Off market opportunities and traps – Michael Yardney

Off market opportunities and traps – Michael Yardney

What is the secret behind finding ‘off market properties”?   As the name implies, this type of property is one that is not listed for sale and as such offers some unique opportunities and some obvious problems for investors.  Michael Yardney takes us through the pros and cons.

Transcript:

Kevin:  You’ve probably heard of the term off-market property, and as the name implies, it’s giving you the opportunity to buy a property that’s not clearly advertised, so therefore you may get it at a good price and you certainly won’t go into competition with a lot of other people.

But is it a reality? Are they around and is this the time for the property cycle when you’ll be able to pick one up? That’s a question I want to ask Michael Yardney from Metropole Property Strategists.

Michael, I know that you’re in the market looking at properties on behalf of your clients all the time. Do you really ever come across many off-market properties, and if so, how do you find them?

Michael:  Good question, Kevin. The answer is yes but they fall into two categories. Most are really pre-market opportunities. We get the opportunity to inspect and make an offer on a property before it hits the Internet. It’s really not off-market but it’s that period of time when an agent has to get their plans drawn up to put on the Internet, get the photos done. What they’ll often do is ring their A-class clients first and then their B clients on their list, and then they’ll tell the other people in the office about it, and eventually it’ll go on the Internet, but that’s a pre-market opportunity.

And Kevin, there are occasionally true off-market opportunities where, for various reasons, the vendor doesn’t want to make the sale of their property public knowledge.

Kevin:  Wouldn’t an agent like to take a property to market because – a couple of reasons – one, it gives them a chance to maybe put it in competition with a few buyers, but also it gives them some publicity, Michael?

Michael:  Yes. A lot of agents would prefer that, and in many instances, it’s the best way to sell a property because it’s going to have competition. But interestingly, some agents are keen to make a quick sale because they have complete control of the sale.

Let me explain it differently. If they run it in a normal campaign, the listing agent may get the initial commission but then they have to share it with somebody else in the office who brings in the client. That’s why I suggested that for the first few days, they don’t tell other people in the office about it and they give it to their A-list of clients and have complete control.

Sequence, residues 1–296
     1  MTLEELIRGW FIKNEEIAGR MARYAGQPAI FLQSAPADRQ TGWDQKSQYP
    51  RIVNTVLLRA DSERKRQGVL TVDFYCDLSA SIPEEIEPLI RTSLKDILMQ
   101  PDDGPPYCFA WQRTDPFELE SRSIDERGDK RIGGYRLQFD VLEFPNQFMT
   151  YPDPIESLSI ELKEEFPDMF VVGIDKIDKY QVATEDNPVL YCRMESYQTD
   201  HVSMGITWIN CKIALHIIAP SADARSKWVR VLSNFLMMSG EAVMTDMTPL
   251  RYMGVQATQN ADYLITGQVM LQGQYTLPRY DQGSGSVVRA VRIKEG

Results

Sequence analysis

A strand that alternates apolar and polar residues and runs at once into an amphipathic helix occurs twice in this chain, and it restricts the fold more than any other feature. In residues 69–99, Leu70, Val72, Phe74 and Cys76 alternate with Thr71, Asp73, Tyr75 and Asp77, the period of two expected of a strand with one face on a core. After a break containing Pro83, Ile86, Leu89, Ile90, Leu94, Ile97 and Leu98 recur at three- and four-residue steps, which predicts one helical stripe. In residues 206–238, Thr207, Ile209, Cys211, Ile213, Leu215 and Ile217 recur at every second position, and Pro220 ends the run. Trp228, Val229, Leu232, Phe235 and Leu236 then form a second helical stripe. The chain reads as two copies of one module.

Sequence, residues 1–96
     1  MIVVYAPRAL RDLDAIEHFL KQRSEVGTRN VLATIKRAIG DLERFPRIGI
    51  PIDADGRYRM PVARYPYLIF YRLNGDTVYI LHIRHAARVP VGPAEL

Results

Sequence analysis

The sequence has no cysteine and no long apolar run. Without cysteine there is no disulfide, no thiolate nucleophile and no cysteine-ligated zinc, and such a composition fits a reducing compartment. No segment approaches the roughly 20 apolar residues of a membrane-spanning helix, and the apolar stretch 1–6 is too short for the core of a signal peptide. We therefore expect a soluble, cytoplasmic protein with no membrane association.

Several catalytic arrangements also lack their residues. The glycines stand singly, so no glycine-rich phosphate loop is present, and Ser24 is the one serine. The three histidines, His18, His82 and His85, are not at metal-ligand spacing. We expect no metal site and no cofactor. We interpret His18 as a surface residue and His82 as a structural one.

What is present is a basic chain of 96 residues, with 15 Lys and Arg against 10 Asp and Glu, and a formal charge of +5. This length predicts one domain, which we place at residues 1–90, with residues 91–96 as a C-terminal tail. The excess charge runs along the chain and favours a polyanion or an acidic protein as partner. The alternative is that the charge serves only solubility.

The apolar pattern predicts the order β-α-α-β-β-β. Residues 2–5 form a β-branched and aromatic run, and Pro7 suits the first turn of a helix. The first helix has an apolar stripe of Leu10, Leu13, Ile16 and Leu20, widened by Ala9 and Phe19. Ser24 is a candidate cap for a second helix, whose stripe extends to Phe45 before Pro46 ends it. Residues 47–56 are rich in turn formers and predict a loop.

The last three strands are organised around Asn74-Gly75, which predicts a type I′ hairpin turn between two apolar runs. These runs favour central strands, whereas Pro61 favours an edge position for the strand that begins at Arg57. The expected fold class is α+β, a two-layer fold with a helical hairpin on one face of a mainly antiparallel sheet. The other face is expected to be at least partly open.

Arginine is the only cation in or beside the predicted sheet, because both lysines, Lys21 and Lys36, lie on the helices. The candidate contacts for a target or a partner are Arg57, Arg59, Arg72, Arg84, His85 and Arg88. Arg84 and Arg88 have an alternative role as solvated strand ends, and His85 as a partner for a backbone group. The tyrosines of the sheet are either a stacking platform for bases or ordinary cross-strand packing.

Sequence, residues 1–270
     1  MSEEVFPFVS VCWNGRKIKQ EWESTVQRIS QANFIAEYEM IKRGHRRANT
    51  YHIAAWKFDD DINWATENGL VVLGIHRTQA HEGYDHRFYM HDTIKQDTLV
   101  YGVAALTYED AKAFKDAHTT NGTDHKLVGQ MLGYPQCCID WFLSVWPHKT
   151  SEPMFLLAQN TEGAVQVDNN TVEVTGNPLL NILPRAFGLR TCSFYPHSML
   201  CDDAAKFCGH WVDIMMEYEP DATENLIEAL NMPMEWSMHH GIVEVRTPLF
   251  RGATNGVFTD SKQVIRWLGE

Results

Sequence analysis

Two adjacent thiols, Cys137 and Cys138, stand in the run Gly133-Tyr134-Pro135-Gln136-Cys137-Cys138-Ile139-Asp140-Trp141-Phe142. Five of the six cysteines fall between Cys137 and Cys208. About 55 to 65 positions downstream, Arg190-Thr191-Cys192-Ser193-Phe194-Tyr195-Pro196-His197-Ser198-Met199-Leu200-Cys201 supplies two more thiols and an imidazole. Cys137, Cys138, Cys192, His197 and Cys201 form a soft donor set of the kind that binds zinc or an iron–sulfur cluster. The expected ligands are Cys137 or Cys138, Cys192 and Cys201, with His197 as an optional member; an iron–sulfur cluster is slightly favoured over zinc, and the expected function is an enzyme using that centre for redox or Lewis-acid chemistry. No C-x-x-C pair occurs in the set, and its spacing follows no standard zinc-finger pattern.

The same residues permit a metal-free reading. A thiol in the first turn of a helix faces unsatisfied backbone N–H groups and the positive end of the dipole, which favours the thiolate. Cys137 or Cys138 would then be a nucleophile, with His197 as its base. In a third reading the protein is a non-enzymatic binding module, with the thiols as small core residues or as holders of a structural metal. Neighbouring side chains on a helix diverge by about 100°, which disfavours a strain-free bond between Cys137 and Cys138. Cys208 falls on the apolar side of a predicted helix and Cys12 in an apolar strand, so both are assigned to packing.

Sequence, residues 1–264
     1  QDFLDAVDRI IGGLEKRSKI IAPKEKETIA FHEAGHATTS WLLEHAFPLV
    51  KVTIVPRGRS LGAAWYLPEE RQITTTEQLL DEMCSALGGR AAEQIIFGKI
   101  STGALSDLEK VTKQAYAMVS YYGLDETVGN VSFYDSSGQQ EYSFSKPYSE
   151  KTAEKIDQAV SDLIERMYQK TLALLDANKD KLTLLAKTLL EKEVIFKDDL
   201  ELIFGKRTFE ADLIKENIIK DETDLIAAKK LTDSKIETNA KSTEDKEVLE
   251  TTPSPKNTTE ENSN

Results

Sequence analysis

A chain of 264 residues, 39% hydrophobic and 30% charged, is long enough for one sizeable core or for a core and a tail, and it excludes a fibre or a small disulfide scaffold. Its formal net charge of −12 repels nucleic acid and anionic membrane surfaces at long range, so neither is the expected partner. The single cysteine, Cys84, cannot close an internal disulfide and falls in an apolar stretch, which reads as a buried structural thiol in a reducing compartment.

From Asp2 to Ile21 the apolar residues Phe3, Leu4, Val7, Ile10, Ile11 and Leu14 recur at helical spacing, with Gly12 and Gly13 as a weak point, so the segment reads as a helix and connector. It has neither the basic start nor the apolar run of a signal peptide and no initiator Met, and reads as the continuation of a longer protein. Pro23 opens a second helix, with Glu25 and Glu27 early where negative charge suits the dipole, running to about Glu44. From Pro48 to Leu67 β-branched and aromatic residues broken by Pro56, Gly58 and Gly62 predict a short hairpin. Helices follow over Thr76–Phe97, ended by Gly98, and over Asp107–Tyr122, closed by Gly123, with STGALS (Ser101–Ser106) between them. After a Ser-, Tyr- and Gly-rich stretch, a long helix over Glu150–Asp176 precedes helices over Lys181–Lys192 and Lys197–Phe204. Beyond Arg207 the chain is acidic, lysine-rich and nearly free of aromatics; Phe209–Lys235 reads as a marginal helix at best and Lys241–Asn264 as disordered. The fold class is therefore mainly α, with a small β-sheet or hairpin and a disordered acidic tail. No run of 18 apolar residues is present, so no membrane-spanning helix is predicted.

Kevin:  Michael, in that case I’d really have to ask who the agent is working for. Are they working for the buyer, or are they working for the seller?

Michael:  Or are they working for themselves, Kevin? A good agent will take the property to market, under most circumstances, get the best competition they can, and in this market, in Melbourne and Sydney in particular, it would often be at auction where you get a lot of competition facing each other and getting emotionally involved. In other areas, it may be private treaty. But I agree with you, Kevin, that the best opportunity is when you get lots of people there.

On the other hand, as buyer’s agents, we love buying off-market properties. Not all off-market properties are good properties or at a good price.

Kevin:  Do you do any prospecting yourself, Michael – in other words, go looking for stock before it comes onto the market?

Michael:  Kevin, we tend not to ring owners or knock on doors and say, “Would you like to sell?” because we really want motivated vendors, because most people will sell if you offer them a high enough price. What we do is we wait for those e-mails and calls from agents.

We get offered off-market opportunities a lot.

David, one of my buyer’s agents who has been with me for 10 years but has been in real estate for 10 years beforehand, is continuously bombarded with off-market opportunities. 80% of the properties he bought last year were off-market, and 43% of the properties Bryce bought last year were off-market.

Having said that, most of the properties we see that are off-market we don’t buy, but there are a number of reasons why people do not want to go to the public arena, Kevin.

Kevin:  What are they, Michael?

Michael:  For example, older people. A lot of the properties we buy are older people where it’s a bit run down – because we like to add value – and they don’t want people traipsing through their homes. Others are not in good health and they’re in the position that they may be going into a nursing home. So often it’s older people who are just a bit intimidated by the auction.

Kevin:  Any other groups, Michael?

Michael:  Yes. Often we find people inherit a property and they get stingy. There are two or three brothers and they don’t want to pay $20,000 for the marketing campaign and the auction campaign and the photos, and they just say, “Just sell the property at any price.” And they’re usually doing themselves out of $40,000, $50,000, $60,000.

The other group that tends to be put off-market are ones that are in poor condition, that are not well-presented, with a tenant with two big dogs, or that are totally cluttered and most people can’t see through that to see the opportunities there.

There are definitely some properties that are available on a pre-market or off-market opportunity. The trouble, Kevin, is being top of the list to be called about those.

Kevin:  Thank you, Michael Yardney. Good comment, and we’ll talk to you again soon. Thank you.

Michael:  My pleasure, Kevin.

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Kevin Turner
kevin@realestatetalk.com.au
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